THE ARTS SOCIETY RICKMANSWORTH
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15 November 2019The Sublime to the Ridiculous: Hogarth, Reynolds and Gillray

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The Sublime to the Ridiculous: Hogarth, Reynolds and Gillray Linda Smith Friday 15 November 2019

The Sublime to the Ridiculous: Hogarth, Reynolds and Gillray

Date Friday 15th November 2019

Start time 10.00 for 10.15

Location Moor Park Mansion

Includes refreshments after the first lecture and a buffet lunch

 

Linda Smith holds two  first-class degrees In Art History. She is an experienced guide and lecturer at Tate Britain, Tate Modern, and the Dulwich Picture Gallery. She also lectures to secondary school audiences and independent arts societies.

She was the lecturer at our November 2017 study day, topic: Looking at me Looking at you - Women in Art.

 

Session One:

William Hogarth (1697-1764): Hogarth is nowadays mostly remembered as a talented satirist, but there is much more to him than that. He was extremely ambitious in other artistic fields, including portraiture, history painting, and art theory. He was also a tireless self-promoter and entrepreneur, with a real and practical concern for the status of his profession. This talk tracks his career from humble copper-plate engraver to successful painter, showing a wide variety of images which demonstrate his exceptional originality and inventiveness. Above all, however, it is his unparalleled eye for absurdity and human weakness which not only tells us so much about his own times, but gives us food for thought about our own.

 

Session Two: Sir Joshua Reynolds (1723-92) and the Royal Academy: Joshua Reynolds became the Royal Academy’s first President, and was the obvious choice for the job. He had travelled widely in Europe in his youth, worked hard to become the pre-eminent portrait painter of the day, and was comfortable in the drawing-rooms and salons of wealthy and influential people. He was also an extremely efficient businessman and administrator. By looking at his career, and how he adapted European artistic fashions to suit British tastes, this talk reveals a good deal about the world he operated in.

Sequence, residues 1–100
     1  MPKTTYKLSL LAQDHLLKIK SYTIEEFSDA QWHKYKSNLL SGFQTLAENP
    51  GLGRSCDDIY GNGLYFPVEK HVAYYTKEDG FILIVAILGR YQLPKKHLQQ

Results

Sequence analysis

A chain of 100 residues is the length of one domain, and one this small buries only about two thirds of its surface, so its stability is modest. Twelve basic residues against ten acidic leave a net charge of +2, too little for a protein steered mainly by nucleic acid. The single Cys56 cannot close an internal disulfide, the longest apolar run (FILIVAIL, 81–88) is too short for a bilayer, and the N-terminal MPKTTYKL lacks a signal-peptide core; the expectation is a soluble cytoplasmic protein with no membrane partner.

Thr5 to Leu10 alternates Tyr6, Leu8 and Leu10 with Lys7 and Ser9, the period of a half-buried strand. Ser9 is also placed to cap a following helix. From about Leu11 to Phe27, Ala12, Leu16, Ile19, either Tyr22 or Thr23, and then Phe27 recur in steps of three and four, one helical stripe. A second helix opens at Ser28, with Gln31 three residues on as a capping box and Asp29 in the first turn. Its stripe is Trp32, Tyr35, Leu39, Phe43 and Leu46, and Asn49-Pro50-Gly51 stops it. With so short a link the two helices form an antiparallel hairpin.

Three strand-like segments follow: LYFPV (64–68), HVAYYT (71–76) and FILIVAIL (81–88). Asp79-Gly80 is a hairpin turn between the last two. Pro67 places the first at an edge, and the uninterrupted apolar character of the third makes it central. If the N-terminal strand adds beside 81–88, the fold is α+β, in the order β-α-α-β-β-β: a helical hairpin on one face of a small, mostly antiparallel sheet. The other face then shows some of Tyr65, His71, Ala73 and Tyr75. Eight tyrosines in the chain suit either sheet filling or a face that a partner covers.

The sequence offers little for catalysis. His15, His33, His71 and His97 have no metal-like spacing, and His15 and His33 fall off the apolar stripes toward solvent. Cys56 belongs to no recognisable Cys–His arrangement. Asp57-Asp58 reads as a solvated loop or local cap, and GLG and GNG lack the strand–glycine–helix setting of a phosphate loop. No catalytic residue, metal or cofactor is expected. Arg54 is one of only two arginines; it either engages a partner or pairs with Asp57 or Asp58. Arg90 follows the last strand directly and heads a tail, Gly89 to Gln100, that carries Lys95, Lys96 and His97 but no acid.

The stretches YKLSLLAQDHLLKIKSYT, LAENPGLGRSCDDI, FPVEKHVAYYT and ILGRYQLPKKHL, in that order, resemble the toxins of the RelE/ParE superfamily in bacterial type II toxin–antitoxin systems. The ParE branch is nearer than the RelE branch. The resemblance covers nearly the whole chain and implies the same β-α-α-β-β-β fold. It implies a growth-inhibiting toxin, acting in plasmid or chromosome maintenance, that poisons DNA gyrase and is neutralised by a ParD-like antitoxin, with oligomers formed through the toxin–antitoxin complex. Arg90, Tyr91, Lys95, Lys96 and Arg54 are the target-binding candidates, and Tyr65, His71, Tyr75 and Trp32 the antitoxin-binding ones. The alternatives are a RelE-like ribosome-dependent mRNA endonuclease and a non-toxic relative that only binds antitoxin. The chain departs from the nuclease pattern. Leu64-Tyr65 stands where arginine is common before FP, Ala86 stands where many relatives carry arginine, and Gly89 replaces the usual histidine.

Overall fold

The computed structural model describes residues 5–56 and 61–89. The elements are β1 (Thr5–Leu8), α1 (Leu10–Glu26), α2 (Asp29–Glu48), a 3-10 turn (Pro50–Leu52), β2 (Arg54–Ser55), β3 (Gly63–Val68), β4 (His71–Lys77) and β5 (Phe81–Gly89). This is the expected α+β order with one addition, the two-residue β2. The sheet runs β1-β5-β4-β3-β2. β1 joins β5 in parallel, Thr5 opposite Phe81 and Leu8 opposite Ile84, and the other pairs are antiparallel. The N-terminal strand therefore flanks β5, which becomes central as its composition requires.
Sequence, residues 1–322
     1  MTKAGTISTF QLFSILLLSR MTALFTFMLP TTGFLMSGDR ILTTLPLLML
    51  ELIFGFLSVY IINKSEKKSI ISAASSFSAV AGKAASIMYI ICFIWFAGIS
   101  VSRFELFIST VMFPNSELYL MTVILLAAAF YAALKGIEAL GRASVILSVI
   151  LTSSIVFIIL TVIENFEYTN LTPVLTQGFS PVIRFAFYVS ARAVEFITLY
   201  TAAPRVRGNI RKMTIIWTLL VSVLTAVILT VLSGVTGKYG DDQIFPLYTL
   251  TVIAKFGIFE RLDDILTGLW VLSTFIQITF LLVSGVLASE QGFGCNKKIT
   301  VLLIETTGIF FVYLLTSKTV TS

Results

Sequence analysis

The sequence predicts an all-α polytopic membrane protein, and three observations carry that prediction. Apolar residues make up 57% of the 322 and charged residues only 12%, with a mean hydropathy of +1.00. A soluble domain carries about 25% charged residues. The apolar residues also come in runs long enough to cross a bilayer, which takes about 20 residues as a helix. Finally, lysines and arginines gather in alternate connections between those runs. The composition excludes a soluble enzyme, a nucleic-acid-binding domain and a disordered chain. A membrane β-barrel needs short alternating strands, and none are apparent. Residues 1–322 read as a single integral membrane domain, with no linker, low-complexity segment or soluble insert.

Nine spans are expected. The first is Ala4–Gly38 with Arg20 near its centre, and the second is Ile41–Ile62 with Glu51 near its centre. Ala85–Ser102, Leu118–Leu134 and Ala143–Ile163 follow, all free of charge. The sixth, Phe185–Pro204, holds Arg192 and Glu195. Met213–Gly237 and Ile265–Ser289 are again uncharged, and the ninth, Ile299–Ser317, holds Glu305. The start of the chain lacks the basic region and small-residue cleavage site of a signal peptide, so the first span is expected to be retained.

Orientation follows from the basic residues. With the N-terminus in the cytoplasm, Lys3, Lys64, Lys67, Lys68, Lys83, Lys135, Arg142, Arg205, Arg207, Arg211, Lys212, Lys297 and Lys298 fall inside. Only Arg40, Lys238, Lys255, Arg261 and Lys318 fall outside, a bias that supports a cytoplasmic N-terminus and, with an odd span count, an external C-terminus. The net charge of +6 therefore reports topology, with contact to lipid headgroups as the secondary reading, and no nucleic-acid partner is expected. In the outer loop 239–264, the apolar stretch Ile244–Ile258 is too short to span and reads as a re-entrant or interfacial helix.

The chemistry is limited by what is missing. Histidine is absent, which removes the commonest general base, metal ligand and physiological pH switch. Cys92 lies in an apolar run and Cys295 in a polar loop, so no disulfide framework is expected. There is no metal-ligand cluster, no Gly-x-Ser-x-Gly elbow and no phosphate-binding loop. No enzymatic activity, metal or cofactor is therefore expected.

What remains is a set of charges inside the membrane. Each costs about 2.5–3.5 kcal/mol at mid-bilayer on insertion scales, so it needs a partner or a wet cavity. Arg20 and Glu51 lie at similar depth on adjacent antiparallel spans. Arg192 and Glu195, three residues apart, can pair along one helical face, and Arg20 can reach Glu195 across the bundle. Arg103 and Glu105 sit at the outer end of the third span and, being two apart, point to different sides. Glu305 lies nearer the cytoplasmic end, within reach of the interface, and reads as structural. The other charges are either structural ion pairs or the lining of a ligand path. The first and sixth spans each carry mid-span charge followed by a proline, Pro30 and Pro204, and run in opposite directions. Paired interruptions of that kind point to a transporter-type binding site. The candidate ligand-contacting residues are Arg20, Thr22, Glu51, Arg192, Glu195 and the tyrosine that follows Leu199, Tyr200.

Session Three: James Gillray (1757-1815) In the hands of James Gillray, the art of caricature became a highly sophisticated and inventive aspect of the visual culture of his period. The breathtaking audacity and sheer rudeness of his work still has the power to make people laugh out loud. But through his work, we can also get a glimpse of the riotous side of the high society which Reynolds presented so elegantly; and a sense of the cut-throat nature of the political scene at the time. Gillray lived at a time of immense social and political upheaval, dominated by a handful of larger-than-life public personalities, and it is very revealing to see how they were viewed by this master of disrespect. 

Look at Our Society/Documents for the booking form - We are finalising the cost, details to follow later.